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Reflecting on 21 straight wins

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This was a lot of fun and I hope it never ends.

Detroit Tigers v Cleveland Indians Photo by Jason Miller/Getty Images

The Cleveland Indians have set an American League record for consecutive wins with their 21st-straight tonight. Depending on whether or not you count a tie as part of a winning streak, they have also tied a major league record for the same thing.

No matter your perspective, the Indians have done something incredible, and something so rare that it has only happened a handful of times since the dawn of baseball. A new World Series winner is crowned every year, perfect games are a dime a dozen, and even the home run record has been broken several times. But setting records for winning consecutive games is extremely rare.

The Oakland Athletics were the last to set a record when they won 20 in 2002, a streak special enough to warrant a movie starring Brad Pitt and sort-of (not really) Chris Pratt. The Athletics’ streak broke an American League record that stood for 55 years as the previous record holders, the New York Yankees, won 19 straight games in 1947 — 20 years before the first Super Bowl, the same year as the first NBA championship, and (sadly) one year before the Indians won their last World Series.

If you want to get into the discussion of the Indians winning tomorrow and setting the major league record for wins — again, discounting that tie that shouldn’t count — then they would be snapping a streak dating back to 1935, which is a whole ‘nother can of mind-boggling worms to get into.

That’s really the amazing thing about this record, to me at least. It’s a feat that previously outlasted entire sports, and looking at Let’s Go Tribe’s analytics I’m going to assume most of you were not alive in 1947. Heck, some of you might not even have been alive in 2002, or at the very least were confused toddlers watching the A’s on TV at the time.

Cleveland entered the streak having lost two in a row, 4.5 games up in the American League Central, and worrying about a series of key injuries heading into the final month of the season. With the American League record in hand, they are now odds-on favorites to win the World Series, own the top seed in the AL, and are on pace to win 100 games for the third time in franchise history. By all accounts they are amazing, and the wins count no matter how cynical you want to be about who they faced. You may not realize it until you reflect years down the road, but we witnessed the baseball equivalent of Halley’s Comet over the last few weeks.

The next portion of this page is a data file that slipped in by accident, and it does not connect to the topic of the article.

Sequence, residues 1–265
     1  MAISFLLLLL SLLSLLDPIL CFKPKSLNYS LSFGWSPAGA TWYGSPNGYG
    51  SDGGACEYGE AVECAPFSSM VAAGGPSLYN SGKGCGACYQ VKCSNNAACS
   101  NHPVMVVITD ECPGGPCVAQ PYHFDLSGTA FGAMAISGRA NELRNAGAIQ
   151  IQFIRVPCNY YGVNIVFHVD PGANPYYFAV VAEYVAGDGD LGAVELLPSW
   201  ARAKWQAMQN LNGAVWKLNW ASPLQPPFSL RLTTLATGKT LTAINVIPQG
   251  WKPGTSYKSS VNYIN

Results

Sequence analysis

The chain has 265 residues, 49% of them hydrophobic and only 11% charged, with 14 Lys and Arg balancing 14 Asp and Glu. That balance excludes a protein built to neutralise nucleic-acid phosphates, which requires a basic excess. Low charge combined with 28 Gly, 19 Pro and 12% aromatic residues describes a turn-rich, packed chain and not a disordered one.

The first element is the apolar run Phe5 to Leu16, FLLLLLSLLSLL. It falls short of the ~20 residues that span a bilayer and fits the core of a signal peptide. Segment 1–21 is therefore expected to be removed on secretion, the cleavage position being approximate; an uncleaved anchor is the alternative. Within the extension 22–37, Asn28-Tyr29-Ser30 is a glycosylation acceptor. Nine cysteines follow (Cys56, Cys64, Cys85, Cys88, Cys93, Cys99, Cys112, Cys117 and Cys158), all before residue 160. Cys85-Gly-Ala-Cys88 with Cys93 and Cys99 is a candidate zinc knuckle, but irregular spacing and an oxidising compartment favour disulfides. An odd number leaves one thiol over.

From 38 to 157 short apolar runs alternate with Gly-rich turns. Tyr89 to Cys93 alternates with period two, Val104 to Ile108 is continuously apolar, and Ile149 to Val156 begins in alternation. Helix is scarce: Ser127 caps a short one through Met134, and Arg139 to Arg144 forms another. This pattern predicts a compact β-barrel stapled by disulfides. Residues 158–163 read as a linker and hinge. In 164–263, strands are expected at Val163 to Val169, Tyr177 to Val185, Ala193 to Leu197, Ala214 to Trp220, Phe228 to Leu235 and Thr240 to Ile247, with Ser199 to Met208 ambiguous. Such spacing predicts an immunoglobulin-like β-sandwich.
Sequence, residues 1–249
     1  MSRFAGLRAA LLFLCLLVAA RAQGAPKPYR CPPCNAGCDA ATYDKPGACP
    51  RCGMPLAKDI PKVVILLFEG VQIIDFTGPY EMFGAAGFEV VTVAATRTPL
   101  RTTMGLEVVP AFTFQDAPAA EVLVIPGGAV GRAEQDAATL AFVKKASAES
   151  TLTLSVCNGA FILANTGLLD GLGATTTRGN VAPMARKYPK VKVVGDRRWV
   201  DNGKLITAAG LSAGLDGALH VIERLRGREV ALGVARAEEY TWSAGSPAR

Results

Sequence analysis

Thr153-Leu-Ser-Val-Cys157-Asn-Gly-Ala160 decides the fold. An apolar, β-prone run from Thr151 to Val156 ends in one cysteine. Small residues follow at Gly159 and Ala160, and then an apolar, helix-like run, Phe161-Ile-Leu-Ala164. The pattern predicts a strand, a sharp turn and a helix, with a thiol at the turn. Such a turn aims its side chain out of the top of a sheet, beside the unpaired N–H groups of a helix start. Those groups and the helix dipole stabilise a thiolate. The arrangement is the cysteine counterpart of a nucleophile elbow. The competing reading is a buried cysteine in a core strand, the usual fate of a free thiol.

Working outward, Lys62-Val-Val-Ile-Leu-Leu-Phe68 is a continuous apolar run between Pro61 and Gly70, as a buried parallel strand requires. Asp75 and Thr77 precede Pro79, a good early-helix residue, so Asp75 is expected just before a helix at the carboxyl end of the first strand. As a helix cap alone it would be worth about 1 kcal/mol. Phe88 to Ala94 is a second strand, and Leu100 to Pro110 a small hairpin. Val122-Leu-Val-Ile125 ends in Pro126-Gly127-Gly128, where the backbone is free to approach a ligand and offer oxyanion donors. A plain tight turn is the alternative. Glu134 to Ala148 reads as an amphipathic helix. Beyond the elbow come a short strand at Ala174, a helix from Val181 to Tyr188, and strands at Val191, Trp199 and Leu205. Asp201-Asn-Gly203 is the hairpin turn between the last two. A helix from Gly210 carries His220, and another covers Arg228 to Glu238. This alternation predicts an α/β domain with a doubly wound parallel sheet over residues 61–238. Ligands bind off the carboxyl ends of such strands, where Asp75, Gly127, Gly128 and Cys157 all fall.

Winning 10 games in a row defies odds; winning 21 breaks them. Individually, the Indians were massive favorites to win each game against the Detroit Tigers, upwards of 70 percent in each game. But the odds winning them consecutively shrunk by the day. Just think of flipping a coin and hoping it lands on the same side 21 times. Now put a team of professional athletes in your way doing everything they can from stopping heads every single time.

Here’s a fun way to look at it: If you started with $100 and let it rode (i.e. bet the accumulated winnings after every game you would have won $1.18 million.

Everything about doing that would have been insane, especially betting $884,286 on the Indians winning game 21, but if you only had faith you could have been loaded by now.

Breaking the game of baseball doesn’t come without heroes, of course, and Indians fans have seen Jose Ramirez flourish to unimaginable heights. The scrappy little utility player has turned into an absolute monster; a viable MVP candidate. During the streak he slashed an incredible .391/.420/.992 with eight doubles, eight home runs, and a triple. He rarely walked, but he rarely struck out either — three times for each, to be exact.

Ramirez’s being a Gold Glove candidate pretty much anywhere on the diamond allowed the Indians to shift him to second base in Jason Kipnis’ absence, effectively opening the way for Yandy Diaz 2.0 (now with lift technology®). The Biceped One had himself an amazing streak as well, though it came in fewer at-bats as he split time with defensive wizard Giovanny Urshela. He finished with 20 hits in 68 plate appearances, including five doubles and a 20.6 percent walk rate. While he didn’t homer — and he still hasn’t homered in his major-league career — he is still slapping the ball everywhere for power, to the tune of a .509 slugging percentage.

Francisco Lindor hit nine home runs during the streak while walking more than he struck out, and he smiled the entire time.

Corey Kluber lasted seven innings in his four starts and struck out 35 batters while walking just two.

Two top prospects — Greg Allen and Francisco Mejia — debuted and contributed.

Carlos Carrasco threw a pair of shutouts and struck out at least eight in each of his four starts. He also stole a microphone and gave us one of the best off-the-field moments ever.

Trevor Bauer found his curveball and used it to dominate the Chicago White Sox so hard that they forgot he was allowed to throw it.

There are so many specifics to get into with a streak like this, so many that it can get overwhelming. But the bottom line of it is that it was fun. The Indians were having fun, and it has been one of the most enjoyable three weeks of my baseball-watching life. I want the Indians to win the World Series this year with everything in my being, but this 2017 team is already one of the most exciting things I’ve ever tangentially been a part of.

We will see a lot of World Series winners, but we may never again see a 21-game winner.